The world and reality around us..is ours alone..based on what we create in our minds..

Anonymous said...

Apple - all these insecurities you talked about are absolutely normal and just part of being human. Notice how everyone's writing in and saying "me too!", "me too!", "me too!". It has nothing to do with being literarily minded, it just has to do with being human. Coming to this realization on my own was the first step for me in overcoming my extreme shyness. It’s so much easier to talk with people when you realize, that in a lot of ways, we are all the same.

the apple said...

David - why, thank you. I do need to realize that my perception of reality is often skewed, though . . . and work to improve my understanding.

Anonymous - 100%. Thank you. It is rather comforting to know that other people experience the same feelings, no? :)

Diet Dr. Pepper said...

Apple,

Firstly, I want you to know that reading your blog made me so happy, mostly because I can relate to what you wrote, but also because I'm happy to see that you're happy.

Yitzy said...

I have the same problem, though it probably affects me even more profoundly. For example, my younger brother and I used to be extremely close. He got married (I was married before him as I am older) and after a year or so, he just stopped having anything to do with me. I used to take this extremely badly. EXTREMELY badly. Now I realize that family is absorbing and his having close to nothing to do with me is probably more attributed to that than his "snobbing me out" or something.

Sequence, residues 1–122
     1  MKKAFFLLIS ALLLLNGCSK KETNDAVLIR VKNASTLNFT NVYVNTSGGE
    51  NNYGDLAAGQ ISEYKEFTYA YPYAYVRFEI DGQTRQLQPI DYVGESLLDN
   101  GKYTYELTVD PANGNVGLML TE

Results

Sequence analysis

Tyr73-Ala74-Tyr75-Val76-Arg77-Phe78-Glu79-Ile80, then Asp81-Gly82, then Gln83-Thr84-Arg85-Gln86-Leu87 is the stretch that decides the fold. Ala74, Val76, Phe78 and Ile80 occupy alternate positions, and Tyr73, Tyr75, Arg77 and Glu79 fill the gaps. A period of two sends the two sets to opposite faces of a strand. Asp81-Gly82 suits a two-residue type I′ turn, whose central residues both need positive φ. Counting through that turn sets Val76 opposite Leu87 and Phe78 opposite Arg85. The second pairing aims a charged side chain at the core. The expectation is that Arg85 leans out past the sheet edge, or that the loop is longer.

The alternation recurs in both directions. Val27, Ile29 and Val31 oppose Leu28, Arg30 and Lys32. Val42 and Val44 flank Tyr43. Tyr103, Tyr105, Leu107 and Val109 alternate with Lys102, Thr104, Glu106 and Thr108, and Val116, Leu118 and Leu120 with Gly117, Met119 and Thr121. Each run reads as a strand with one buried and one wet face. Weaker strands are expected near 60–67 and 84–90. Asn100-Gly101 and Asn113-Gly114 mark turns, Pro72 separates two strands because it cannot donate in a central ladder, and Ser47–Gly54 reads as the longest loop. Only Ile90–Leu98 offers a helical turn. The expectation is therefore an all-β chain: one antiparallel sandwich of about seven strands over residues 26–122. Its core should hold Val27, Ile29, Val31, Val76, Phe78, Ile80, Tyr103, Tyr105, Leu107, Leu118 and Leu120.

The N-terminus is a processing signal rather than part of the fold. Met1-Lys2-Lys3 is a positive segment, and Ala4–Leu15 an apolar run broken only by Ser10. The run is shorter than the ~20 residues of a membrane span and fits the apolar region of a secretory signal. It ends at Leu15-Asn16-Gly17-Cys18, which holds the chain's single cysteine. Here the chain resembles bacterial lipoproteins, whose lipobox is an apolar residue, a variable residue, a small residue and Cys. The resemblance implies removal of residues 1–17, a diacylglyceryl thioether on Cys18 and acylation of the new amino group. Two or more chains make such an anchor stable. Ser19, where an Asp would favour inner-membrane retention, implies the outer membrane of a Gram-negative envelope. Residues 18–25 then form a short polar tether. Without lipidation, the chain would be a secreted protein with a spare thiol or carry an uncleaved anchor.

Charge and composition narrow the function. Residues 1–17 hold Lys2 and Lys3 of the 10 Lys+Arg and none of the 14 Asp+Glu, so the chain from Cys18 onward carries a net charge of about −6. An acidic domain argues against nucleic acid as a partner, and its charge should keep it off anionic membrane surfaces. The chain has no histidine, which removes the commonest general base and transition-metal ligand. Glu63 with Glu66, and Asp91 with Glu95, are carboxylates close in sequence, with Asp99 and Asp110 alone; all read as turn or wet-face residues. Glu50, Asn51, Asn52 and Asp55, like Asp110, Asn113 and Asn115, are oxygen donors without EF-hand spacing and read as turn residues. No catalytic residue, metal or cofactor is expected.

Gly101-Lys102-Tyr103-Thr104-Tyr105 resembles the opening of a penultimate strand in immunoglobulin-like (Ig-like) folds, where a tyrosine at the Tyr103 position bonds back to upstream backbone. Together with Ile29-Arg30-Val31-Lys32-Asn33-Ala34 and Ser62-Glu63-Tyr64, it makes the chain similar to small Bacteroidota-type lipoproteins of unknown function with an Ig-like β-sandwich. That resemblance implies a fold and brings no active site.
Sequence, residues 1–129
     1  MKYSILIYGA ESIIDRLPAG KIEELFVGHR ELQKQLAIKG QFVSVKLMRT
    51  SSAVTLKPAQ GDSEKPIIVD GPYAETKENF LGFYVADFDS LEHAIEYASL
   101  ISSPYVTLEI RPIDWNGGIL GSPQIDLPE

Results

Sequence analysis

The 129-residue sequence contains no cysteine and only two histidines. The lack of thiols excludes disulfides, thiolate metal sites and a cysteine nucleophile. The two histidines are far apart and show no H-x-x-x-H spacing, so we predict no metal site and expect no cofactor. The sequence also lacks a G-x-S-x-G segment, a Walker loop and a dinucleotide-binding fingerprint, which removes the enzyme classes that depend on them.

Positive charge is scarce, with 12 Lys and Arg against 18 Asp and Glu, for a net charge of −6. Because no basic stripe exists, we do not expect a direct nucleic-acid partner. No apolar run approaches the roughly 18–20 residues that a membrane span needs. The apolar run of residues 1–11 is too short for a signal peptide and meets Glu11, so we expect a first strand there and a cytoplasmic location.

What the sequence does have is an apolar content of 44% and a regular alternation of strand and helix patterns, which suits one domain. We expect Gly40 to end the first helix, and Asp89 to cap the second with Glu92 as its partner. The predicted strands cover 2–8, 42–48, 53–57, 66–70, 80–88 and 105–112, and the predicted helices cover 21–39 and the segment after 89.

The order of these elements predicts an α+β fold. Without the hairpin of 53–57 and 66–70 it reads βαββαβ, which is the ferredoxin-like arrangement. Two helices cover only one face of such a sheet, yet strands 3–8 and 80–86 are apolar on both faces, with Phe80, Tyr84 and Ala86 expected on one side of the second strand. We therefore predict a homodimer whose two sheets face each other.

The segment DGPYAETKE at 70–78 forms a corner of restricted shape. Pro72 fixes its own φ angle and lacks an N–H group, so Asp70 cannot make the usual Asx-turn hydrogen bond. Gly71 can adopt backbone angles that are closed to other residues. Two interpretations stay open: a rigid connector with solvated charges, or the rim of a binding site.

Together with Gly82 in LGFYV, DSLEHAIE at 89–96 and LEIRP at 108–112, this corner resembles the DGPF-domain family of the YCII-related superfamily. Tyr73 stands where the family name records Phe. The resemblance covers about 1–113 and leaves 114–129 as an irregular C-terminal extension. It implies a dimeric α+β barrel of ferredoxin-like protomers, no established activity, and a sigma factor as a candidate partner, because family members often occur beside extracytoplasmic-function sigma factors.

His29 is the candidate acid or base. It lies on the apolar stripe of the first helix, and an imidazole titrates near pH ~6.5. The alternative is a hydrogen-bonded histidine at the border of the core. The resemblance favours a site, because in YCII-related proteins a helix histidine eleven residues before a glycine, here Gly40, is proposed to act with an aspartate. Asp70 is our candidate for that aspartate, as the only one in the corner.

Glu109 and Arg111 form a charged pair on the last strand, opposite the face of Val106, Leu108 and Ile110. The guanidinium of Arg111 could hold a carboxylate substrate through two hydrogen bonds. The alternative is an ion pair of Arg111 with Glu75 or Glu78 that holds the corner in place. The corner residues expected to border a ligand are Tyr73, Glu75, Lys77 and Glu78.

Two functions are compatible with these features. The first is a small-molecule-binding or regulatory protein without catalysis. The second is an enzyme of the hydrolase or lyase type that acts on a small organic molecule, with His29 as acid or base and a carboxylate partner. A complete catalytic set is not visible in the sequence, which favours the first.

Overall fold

I happen to fault an extremely emotionally abusive mother for my insecurity. I used to think that I could overcome it by accomplishing more than anyone else--being the best learner, the wealthiest attorney, the biggest michadesh. Slowly, however, I began to see how unhealthy that was. With time I am healing within. But I am unsure whether I will ever fully heal. On the other hand, I did, at least, make something out of what I experienced and hurt no one along the way. In addition, thanks to a wonderful wife, my relationship with my and children are not affected by what I experienced. But recovery takes a long time. One must be vigilaint and strong.

Anonymous said...

Wow, I wish I had read this when I was 13. It would have made my teenage years much easier.
I printed this out and gave it to my 14 year old daughter to read. I think it will help her.
Thank you!

the apple said...

Anonymous - great! I hope this can inspire your daughter. You're very welcome.